Let’s link the two tables with a foreign key (clicks belong to a link), and we’re done.

Phase 3: build an architecture

Ok for the 3 hours, but I must confess I didn’t write EVERYTHING from scratch. Who does anyway? (well, those who do are stupid) I already have my own little framework, with a URL Rewriting system, classes for database operations, string manipulations, internationalization, mailing, cache… Hop, just a copypasta and there we are. Just to show you an overview, files and folders look like this:

Architecture (files and folders) for yop.la

You’re not used to my framework as I am, so let’s take a few lines to write about it 😉

In this architecture, we have ONE and only ONE entry point for every page of our website. It’s the /www/index.php page. It’s actually the only php page accessible above the web root (which is the /www/ folder). Then, it dispatches the request to the corresponding application (those are php pages stored in the /app/ folder). Then the architecture is as follows:

  • the framework is supported by many classes located in the /lib/ folder, to manage the requests, to manipulate databases, or strings, and so on…
  • the folder /classes/ holds my custom classes for this specific project (you mustn’t touch the /lib/ folder which contains the core classes). In the same logic, /helpers/ is for my custom helpers
  • the folder /var/ has more or less the same purpose as the var folder in Linux: it holds variable data, such as session files or temporary files, or even log files
  • /tpl/ holds template files, it’s mainly pieces of HTML and display logic (no data processing should be undertaken in these files)

I prefer not to expend too much because it might turn a little off topic. If you want to know more about my home-made framework, please contact me or let a comment.

In the end, I also used the Paul Irish’s HTML5 default template, which includes a lot of good stuff for interoperability and everything…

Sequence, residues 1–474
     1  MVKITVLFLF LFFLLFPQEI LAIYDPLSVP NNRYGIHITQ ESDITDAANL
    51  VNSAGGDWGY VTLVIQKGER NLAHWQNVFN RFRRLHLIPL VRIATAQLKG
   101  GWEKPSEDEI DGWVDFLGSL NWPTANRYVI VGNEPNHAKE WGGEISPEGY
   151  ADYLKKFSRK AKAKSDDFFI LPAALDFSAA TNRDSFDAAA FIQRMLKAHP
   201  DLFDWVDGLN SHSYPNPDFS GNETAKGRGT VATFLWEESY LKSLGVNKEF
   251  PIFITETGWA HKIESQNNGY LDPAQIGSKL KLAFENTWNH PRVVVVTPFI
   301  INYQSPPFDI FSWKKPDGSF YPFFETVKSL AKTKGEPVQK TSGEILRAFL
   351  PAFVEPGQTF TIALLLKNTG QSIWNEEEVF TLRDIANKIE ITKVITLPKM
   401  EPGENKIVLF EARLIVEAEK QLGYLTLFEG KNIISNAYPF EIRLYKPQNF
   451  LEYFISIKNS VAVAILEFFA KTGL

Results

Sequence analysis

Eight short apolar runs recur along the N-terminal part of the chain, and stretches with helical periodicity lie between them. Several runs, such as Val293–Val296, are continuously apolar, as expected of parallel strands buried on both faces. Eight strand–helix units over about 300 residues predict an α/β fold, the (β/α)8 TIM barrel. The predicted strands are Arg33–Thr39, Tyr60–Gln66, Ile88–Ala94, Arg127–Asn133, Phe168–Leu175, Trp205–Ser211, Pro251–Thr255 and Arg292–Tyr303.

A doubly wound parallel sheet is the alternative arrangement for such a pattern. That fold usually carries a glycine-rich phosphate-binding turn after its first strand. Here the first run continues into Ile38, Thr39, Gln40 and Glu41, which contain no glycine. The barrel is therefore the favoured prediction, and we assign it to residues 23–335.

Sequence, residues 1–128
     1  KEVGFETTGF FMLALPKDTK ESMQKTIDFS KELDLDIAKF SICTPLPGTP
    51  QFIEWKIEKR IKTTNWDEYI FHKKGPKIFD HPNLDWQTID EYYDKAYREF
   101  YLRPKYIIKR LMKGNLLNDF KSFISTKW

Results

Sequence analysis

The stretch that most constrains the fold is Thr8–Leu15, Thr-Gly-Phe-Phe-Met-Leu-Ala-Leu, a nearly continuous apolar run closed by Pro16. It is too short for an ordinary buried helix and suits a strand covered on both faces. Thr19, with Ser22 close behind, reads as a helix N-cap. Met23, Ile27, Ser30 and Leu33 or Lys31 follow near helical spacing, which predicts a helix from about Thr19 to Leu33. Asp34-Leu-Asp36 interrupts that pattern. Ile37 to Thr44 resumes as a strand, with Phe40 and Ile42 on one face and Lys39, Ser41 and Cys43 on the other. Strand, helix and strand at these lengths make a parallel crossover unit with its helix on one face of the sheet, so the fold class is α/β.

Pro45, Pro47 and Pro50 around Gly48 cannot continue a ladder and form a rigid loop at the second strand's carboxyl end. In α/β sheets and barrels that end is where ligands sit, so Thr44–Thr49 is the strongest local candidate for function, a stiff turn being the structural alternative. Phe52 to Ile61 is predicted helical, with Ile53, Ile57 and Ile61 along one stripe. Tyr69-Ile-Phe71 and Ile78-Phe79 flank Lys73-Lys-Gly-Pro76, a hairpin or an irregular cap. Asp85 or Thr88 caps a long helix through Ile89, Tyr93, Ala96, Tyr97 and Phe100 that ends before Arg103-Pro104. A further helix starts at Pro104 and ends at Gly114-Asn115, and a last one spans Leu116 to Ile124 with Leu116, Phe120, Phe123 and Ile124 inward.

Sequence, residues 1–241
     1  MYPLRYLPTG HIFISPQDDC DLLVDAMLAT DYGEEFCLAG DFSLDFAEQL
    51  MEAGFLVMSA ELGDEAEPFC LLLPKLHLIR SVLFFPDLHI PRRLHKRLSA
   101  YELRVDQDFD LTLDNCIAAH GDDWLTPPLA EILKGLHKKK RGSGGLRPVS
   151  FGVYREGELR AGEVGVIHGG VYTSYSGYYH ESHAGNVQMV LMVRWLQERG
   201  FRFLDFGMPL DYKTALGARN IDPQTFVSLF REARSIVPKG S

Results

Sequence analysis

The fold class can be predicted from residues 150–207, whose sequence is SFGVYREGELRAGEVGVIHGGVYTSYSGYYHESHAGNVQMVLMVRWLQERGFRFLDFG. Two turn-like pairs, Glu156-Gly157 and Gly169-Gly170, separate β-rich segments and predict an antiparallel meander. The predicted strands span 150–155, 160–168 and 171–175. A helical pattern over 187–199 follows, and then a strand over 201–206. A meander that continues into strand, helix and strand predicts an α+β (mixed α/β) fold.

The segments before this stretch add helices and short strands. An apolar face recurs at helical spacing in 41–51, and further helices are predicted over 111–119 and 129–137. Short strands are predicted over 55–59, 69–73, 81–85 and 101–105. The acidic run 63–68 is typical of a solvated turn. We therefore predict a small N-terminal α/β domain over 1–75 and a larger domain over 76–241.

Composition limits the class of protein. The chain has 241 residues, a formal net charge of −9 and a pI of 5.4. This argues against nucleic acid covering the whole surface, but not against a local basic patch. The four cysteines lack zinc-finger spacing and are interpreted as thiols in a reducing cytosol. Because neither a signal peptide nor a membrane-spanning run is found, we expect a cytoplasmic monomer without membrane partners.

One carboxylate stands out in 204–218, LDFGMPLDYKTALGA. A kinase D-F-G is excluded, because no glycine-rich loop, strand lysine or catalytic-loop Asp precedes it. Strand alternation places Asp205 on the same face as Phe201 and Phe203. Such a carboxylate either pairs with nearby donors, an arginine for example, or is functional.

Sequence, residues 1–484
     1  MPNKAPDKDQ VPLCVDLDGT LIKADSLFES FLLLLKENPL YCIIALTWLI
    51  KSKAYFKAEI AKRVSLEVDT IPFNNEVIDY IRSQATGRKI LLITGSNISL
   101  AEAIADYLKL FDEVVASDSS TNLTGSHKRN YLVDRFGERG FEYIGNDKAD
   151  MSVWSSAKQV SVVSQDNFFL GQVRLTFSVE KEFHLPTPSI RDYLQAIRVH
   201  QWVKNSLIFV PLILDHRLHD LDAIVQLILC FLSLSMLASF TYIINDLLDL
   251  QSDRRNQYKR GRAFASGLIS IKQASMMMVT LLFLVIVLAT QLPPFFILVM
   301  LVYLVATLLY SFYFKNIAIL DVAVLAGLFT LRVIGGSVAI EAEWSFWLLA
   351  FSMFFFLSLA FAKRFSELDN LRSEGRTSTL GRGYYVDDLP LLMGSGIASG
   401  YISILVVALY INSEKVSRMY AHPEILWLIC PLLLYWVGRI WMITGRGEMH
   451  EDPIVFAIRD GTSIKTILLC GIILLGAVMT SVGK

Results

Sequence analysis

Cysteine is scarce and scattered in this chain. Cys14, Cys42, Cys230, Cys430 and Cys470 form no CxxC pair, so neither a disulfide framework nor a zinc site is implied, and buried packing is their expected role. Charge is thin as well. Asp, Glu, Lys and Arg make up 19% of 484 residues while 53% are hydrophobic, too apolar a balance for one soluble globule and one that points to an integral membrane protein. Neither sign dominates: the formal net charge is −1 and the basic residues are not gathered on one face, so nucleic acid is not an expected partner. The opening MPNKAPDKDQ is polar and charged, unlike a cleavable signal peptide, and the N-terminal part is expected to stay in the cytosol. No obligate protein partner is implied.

Phase 4: finally write the pages

So we have 4 pages to write, let’s go. I think it took me the biggest part of the 3 hours, but it’s what I’m going to comment the least. I first wrote the home page, title, subtitle and the main form. Then wrote the page that processes the form data (there is some form validation to do, some database operations…). Then the page that handles the links and redirects them (or shows a 404 page in case of the link is not present in the database).

All what remains is the about page, let’s write what’s the website about and why I made it. And there we are. A bit of CSS on the top of that, and that’s all folks.

Phase 5: have a coffee

What? Every real geek drinks coffee. Oh hey, why not adding a nice picture with a cup of coffee in the middle of the page? Pointless… Ok I’ll do it! And actually I love it!

Logo for yop.la, a cup of coffee

Phase 6: put online and show to mates

It looks to work on my machine, let’s put it online and see what my mates think about it. Actually they found out some bugs, yes. I forgot to turn off the magic quotes in my PHP configuration, I forgot to handle CSS for ie6 and ie7 (these beauties don’t know HTML5 tags…), and maybe some little other things…

Et voilà. A URL shortener coded in about 3 hours, and that I actually use. I don’t know if I will publish my source code (if someone is interested though, please contact me). The framework I used is a home-made framework that I’ve never published yet either, because there are some things to fix and doc to write before I possibly show it to people. Again, if someone is interested, please contact me. Maybe it’s valuable after all and we could publish it and make an open-source project. For my personal use at least, it’s very suitable for small and lights websites that I want to code quick.

About the author

Cyril Mazur is a serial web entrepreneur with experience in various fields: online dating, forex & finance, blogging, online advertising... who enjoys building things that people like to use.